Monday Morning Tai Chi Training Tip # 245
Yang’s 10 Essential Points
Yang’s Essential Points #6 – Use the Mind and Not Strength
This one is mysterious and miraculous. One of those ideas that is easy to say and difficult to really understand. I will share my feelings about this, and if you don’t agree, wonderful. Means you have some thoughts of your own on the topic.
There are many ways to think of strength, but the definition that most closely aligns with my thinking in relation to Tai Chi is: The potency, intensity, or speed of a natural agency: “the wind had markedly increased in strength.”
We know that the natural forces affect this earth and everything on it, and most have to do with the differences between things, the yin and the yang. Wind is caused by the difference between high pressure and low pressure. The rivers flow because of the difference in altitude. Gravity is the difference in mass. The greater the difference, the greater the intensity. So when talking about strength, we are referring to yin and yang.
In Tai Chi we say the mind is the commander of the body. In fact, the mind is the body, not separate. The mind is the commanding general, while the universe is the president. The universe gives the order, the mind transfers that order to the body, which carries out the order. Sometimes the troops act alone, without orders from above, as in reflex actions. No time to consult with the higher ups.
Things go the most smoothly when all the pieces in the chain of command are in agreement and act together. When the commander gives an order, the troops can relax, knowing that the plans have been well thought out in advance. When the troops are confused, they can make poor decisions and act recklessly.
I hope you can understand my line of thinking on this. The universe has certain laws. It is up to the mind to understand what they are and send the message to the body to act accordingly. When the mind understands what needs to be done, the body can relax, and as a result, the meridians will be open so that the chi can flow with increased strength. The flow of chi (it’s direction and intensity), is determined by the focus of the mind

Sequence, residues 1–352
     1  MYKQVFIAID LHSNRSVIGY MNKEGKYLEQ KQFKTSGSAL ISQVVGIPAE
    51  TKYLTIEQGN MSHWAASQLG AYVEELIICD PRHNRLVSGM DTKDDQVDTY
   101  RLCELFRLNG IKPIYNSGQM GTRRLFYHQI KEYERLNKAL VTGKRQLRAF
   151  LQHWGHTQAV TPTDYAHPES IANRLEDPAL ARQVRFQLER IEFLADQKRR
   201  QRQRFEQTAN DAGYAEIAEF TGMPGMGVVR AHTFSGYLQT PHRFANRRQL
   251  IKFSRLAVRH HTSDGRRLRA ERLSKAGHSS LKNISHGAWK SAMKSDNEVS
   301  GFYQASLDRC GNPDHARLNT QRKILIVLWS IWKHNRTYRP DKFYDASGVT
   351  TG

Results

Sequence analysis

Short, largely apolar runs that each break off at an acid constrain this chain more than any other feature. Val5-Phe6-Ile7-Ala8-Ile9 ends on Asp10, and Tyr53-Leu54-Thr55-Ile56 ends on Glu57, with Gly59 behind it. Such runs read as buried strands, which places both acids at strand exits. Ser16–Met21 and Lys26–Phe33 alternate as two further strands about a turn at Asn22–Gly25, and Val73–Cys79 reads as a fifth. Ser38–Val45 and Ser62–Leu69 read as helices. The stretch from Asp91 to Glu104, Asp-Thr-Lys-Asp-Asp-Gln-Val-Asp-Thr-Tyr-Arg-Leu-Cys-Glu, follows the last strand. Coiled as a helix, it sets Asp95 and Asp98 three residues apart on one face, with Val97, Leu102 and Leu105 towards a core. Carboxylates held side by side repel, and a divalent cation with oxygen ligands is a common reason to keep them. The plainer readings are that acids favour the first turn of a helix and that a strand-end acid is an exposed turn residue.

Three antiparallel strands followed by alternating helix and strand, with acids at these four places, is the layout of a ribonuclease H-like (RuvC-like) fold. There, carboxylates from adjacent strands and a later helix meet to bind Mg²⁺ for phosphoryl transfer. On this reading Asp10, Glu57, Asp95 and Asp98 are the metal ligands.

Hardness can only stand up and resist for so long and eventually will lose to softness. A dam will only hold back a certain amount of water. A river will wear down the hardest rocks. Wind will blow down the tallest buildings. Concentrated light will cut diamonds. By aligning our selves with nature, we can overcome great obstacles.
When Tai Chi players talk about not using strength, we mean “li”- clumsy, hard, stiff, pure yang energy. Like closing a drawer with a baseball bat. We need to keep in mind how important it is to use the proper tool for the job, and in Tai Chi, we recognize the power of the flow, as in the wind, the water, ideas, and love.
Upright and Do Right Make All Right
I was reading a novel, and came across this sentence: “Upright and Do Right Make All Right.” It took me a moment to put it in my mind and let it ferment. It hit me as so true. I thought it can easily relate to Tai Chi. Don’t you think it would make a great Tee Shirt? I’ll buy one.
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